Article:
If you have never experienced vertigo, then go to the Liberty Bar. No, you won’t suffer this dreadful dizzy spell from the food, but from the frighteningly pronounced tilt of the entire building, suffered from a flood in 1921. The Liberty Bar is a San Antonio landmark and has been in some form of continuous business operation since 1890. The house, on the outside, leans west. But the floor inside the house tilts decidedly east, thus creating a funky, carnival crooked-fun house that instills a charm that keeps locals coming back. A tag line on an NPR radio program says that the restaurant is “over 100 years old, and looking every minute of it.”
The menu could be described as somewhat New American with hints of the Southwest and the Mexico interior. It features a Basic Menu comprised of a quite lengthy list of appetizers, salads, sandwiches, and grill items, as well as a Daily Menu that changes daily (of course) on which you can find a good selection of specialties. Although the Quail with Green Mole or the Filet with Cream of Huitlacoche looked very appealing from the Daily Menu, my wife and I decided to order from the Basic Menu instead, with mixed results.
The restaurant makes all their breads and desserts in-house. Although I am instantly endeared to any restaurant that serves me bread when I am seated, I was a little disappointed in that it was fairly dry and lacked flavor (white, wheat, and rye). We did order two items from the Daily Menu, the Leek and Mushroom Soup and an appetizer called Minguichi. The soup was nothing special, it simply tasted like a bland celery soup with a bit of a kick (probably from a serrano or jalapeno pepper), though full of button mushrooms, onion, red bell pepper, and a ton of black pepper. The Minguichi is a cheese dip made with a blend of cheeses and grilled poblano and red bell peppers. The waitress admitted not knowing all the cheeses used in the mix, but Muenster, gouda, and feta are at least three of them. The result of using these types of cheeses to make a dip is that the oil separates from the cheese, creating a curdled mass. The taste of the dip was tasty, nevertheless, although I could have used more peppers. But the texture left a lot to be desired. The home-made tortilla chips, however, were excellent.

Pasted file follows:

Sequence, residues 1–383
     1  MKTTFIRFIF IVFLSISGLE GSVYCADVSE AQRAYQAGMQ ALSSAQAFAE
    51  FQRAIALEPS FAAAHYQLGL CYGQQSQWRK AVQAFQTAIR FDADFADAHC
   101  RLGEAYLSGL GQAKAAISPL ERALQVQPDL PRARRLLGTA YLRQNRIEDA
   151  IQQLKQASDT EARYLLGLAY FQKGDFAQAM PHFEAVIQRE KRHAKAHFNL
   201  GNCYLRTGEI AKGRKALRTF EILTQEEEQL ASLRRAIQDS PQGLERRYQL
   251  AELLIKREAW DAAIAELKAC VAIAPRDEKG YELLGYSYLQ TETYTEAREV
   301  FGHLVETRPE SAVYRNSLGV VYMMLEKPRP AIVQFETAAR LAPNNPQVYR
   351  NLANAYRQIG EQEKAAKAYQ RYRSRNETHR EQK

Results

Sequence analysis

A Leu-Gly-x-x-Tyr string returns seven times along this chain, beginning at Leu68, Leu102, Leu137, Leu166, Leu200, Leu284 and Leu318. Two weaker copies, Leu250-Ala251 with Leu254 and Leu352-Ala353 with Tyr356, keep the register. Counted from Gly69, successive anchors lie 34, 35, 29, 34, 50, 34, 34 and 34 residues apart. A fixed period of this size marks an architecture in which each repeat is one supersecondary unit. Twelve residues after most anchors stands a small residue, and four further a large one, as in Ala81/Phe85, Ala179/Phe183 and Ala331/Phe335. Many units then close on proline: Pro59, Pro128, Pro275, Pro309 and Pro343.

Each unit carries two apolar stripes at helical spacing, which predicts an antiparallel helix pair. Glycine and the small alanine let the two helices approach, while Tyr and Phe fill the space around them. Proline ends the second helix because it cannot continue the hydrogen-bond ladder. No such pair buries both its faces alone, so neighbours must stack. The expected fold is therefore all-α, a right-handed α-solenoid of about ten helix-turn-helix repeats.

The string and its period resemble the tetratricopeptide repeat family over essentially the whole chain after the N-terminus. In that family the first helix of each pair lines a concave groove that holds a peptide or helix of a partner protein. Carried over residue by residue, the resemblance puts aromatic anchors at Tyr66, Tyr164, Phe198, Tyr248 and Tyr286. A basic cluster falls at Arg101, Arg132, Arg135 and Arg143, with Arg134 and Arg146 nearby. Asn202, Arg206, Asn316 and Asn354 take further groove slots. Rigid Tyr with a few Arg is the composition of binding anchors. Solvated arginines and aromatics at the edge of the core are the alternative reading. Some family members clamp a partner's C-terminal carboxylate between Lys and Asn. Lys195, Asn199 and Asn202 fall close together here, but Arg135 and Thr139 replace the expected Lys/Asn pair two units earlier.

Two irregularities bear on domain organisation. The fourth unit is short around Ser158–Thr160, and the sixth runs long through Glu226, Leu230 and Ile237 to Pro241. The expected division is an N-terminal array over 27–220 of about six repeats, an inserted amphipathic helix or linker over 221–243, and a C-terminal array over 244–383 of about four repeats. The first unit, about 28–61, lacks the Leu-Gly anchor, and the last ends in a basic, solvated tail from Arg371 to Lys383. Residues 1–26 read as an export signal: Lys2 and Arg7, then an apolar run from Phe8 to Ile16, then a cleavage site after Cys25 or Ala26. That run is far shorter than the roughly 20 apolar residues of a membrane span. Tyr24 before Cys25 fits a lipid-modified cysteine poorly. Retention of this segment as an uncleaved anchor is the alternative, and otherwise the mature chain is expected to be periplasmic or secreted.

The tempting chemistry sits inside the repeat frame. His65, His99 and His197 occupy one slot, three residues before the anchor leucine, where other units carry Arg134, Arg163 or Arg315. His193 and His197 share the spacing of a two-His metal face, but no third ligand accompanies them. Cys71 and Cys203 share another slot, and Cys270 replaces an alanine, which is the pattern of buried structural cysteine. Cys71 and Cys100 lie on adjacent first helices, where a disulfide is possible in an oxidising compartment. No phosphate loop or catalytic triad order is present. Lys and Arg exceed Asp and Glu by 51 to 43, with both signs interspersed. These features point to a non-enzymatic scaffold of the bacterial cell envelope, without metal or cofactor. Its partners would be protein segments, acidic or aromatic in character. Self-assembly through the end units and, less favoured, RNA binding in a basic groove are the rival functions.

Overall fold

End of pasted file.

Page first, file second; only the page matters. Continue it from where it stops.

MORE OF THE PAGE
My Roasted Leg of Lamb Sandwich with Aioli Morita was a disappointment. The rye was dry and the crust was toasted into bricks. The lamb was sinewy and lacked the robust taste I was expecting. The aioli was almost non-existent, but the side of flavored mayo (chipotle?) helped. I’m not big on potato salad, and this recipe didn’t do much to help. Granted, it is one of the better ones I’ve had given that the creamy dressing was light and there were good sized chunks of hard-boiled egg. Nevertheless, it was a little boring and does nothing to add to the dish.
My wife’s dish, on the other hand, made up for the disappointments quite handsomely. Her Chicken Breast with Achiote was cooked to perfection and had the soft texture of well-done fish. The achiote seasoning complemented the char-grilled taste of the chicken and came with a side of a tangy and garlicky cilantro chimichurri. The dish came with a side of grilled red cabbage and onion slaw that was a perfect companion to the chicken.
My experience this time around convinces me that my next visit will include an order from the grill. The Liberty Bar is an institution. The mixed crowd of long-time customers attests to its popularity, not only as an architectural oddity, but for its food and its desserts. The wait staff are laid back and will make you feel like a guest invited to eat in this historic home.